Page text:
This is a grave new world of assessment. In my post yesterday I referenced via an article in Schools Week the assessment company No More Marking [a ruse of a title if I have ever heard one] and as is so often the case with me, such has rankled my sensibilities about teaching, learning and assessment.
There are two things I want to quote from the No More Marking website for any interested readers to check out and judge for yourselves [I think you are entitled to judge for yourself, without access to a graph/matrix/model….].
The first, which I found mildly amusing, is their ‘Colours Test Demo’, here, which is meant to prove the hypothesis as follows [and quoted in yesterday’s posting]:
Marking does not work when it involves any degree of human judgement. This is due to a simple principle.
“There is no absolute judgment. All judgments are comparisons of one thing with another”. (Human Judgment: The Eye of the Beholder by Donald Laming, p.9).
I can confirm that when I completed the demo I had been unable to retain the information needed to make the ‘correct’ judgement about the sequence of colours. I am flummoxed by how this relates to and proves that I cannot effectively compare and comment on writing from across a range of writing? With 30 years of human teaching experience I feel I have an expertise to do so [accepting there will be variations in aesthetic appeal/expectation – what makes writing, especially creative, what it is in its infinite variety] and by extrapolation I reckon that if I had experienced the sequence of squared colours used for 30 years I would then be able to sequence them precisely as originally sequenced.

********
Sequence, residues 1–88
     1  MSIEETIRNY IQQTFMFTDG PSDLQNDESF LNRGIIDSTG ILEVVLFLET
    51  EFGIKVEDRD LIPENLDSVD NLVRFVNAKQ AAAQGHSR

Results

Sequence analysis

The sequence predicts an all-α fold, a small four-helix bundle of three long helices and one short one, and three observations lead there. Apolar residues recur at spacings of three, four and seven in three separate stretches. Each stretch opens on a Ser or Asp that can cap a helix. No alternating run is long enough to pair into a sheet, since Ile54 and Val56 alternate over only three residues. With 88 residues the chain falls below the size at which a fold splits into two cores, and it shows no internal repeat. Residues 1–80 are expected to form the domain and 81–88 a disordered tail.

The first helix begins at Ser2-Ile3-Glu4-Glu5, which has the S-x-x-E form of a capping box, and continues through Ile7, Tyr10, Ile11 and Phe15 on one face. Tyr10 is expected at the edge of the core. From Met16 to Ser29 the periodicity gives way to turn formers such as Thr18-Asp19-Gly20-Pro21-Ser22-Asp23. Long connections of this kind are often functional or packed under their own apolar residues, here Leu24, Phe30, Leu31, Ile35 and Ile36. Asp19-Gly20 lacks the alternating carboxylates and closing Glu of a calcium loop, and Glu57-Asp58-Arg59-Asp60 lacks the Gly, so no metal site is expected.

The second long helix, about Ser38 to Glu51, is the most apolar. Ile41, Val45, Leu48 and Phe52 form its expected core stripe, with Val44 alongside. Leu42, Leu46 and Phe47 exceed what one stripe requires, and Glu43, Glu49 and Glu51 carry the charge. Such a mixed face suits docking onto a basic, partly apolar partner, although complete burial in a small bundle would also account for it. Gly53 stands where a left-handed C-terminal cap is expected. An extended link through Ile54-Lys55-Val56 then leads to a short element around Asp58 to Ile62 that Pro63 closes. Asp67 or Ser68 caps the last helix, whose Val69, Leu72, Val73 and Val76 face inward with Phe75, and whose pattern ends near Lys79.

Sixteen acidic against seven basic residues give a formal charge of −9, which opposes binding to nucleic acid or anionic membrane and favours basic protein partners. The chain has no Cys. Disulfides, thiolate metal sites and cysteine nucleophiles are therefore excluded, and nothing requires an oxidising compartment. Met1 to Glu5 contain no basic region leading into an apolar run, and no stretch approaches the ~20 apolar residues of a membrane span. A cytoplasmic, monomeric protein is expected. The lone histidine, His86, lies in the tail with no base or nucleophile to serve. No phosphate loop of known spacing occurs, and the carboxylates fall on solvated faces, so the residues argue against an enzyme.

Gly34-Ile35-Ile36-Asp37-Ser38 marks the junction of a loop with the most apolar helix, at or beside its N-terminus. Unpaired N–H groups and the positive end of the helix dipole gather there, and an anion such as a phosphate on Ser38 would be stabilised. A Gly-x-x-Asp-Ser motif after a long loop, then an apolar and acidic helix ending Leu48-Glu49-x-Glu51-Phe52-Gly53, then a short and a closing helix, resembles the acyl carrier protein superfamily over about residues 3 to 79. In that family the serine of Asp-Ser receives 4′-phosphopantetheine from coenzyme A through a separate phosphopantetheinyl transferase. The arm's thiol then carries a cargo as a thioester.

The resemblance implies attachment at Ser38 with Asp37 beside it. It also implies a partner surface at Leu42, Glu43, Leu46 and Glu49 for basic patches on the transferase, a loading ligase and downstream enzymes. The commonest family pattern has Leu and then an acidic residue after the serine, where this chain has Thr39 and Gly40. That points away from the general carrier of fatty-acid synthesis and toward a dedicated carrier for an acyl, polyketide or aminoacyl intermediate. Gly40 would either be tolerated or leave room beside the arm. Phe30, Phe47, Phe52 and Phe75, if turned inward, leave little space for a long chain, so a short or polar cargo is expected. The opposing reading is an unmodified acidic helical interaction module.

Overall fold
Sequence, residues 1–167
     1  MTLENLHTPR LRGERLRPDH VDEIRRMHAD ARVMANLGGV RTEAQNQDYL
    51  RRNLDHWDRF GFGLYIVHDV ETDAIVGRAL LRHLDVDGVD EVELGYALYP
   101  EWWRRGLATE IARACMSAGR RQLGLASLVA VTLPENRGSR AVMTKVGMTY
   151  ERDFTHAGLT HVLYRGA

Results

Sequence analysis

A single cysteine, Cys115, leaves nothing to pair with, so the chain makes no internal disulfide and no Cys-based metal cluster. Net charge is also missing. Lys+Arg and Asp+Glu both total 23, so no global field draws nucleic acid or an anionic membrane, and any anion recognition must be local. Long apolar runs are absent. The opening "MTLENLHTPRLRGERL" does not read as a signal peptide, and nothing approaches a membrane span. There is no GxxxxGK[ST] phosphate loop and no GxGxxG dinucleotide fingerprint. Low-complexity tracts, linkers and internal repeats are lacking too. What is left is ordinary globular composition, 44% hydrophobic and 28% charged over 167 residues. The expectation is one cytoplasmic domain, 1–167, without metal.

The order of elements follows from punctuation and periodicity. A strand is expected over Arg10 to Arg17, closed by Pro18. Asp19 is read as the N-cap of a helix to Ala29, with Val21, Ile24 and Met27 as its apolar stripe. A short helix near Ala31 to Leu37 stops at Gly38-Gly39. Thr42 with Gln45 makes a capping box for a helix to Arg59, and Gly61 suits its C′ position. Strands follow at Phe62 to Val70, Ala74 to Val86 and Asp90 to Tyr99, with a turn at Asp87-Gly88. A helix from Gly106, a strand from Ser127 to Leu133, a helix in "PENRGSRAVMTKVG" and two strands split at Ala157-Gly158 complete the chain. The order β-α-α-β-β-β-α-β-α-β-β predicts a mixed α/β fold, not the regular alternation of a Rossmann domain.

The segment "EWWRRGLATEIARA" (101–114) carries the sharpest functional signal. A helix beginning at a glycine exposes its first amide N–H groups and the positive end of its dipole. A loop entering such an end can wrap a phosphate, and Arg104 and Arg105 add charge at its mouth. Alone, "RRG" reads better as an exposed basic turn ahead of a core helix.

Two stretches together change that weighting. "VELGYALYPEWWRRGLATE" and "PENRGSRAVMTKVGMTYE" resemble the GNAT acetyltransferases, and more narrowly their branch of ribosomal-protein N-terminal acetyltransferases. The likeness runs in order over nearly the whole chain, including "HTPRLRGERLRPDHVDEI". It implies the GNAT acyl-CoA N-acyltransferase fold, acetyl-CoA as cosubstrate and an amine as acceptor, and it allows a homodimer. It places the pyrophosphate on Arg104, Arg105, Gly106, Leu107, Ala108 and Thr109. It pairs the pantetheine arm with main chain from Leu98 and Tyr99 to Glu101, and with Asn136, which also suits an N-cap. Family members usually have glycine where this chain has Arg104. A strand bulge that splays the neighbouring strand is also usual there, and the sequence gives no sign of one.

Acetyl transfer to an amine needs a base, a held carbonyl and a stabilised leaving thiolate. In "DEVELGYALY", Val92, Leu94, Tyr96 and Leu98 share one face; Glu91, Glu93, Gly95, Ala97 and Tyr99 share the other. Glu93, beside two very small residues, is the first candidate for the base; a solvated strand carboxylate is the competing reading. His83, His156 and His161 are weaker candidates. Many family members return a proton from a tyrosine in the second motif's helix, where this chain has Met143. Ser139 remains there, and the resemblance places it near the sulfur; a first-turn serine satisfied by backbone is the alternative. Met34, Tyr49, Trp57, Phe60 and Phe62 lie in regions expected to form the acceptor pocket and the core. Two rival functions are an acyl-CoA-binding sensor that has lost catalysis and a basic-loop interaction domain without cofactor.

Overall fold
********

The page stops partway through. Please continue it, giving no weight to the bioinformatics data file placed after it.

Second, and to leave readers with, is the following. On the one hand, in not understanding this I could just be hugely out of my comfort zone in not comprehending the mathematics/statistics of it all [and of course I am!]; on the other, it could just be totally ridiculous, an emperor’s new clothes of assessment gobbledygook that sums up its meaninglessness to me as a human English teacher in its meaningless to me as a human English teacher. I will of course be making a found poem out of this stuff:
Following a series of pairwise judgements we can establish a measurement scale using a statistical model. The most commonly used model is the Bradley Terry model (Hunter, 2004) which predicts the outcome from any comparison. The statistical model enables us to build a measurement scale without having to make all the possible pairwise comparisons that would otherwise be required.
The measurement scale that results from a CJ study has some powerful characteristics. The Bradley Terry model is algebraically equivalent to the Rasch model (Rasch, 1960), so the measurement scale shares the advantages of a Rasch measurement scale. The scale is linear, robust to missing data, has estimates of precision, detects misfit, and the parameters of the objects being measured can be separated from the measurement instrument being used.
A CJ scale can therefore be examined in terms of its reliability and consistency: a high value of reliability would suggest we could replicate the scale. The linear scale means that CJ studies can be anchored together using a sub-set of common items, which can be useful, for example, in measuring progress over time. Misfit to the model can be detected both for objects being measured and for the judges doing the measurement. An object may misfit if there is no consensus amongst judges over the quality of the object. A judge may misfit if their judgements are not consistent with the overall measurement scale. Misfit is useful in understanding the traits under consideration and the interactions between judges and the traits (Pollitt, 2012).
© No More Marking [colour chart and quoted sections] – https://www.nomoremarking.com/aboutcj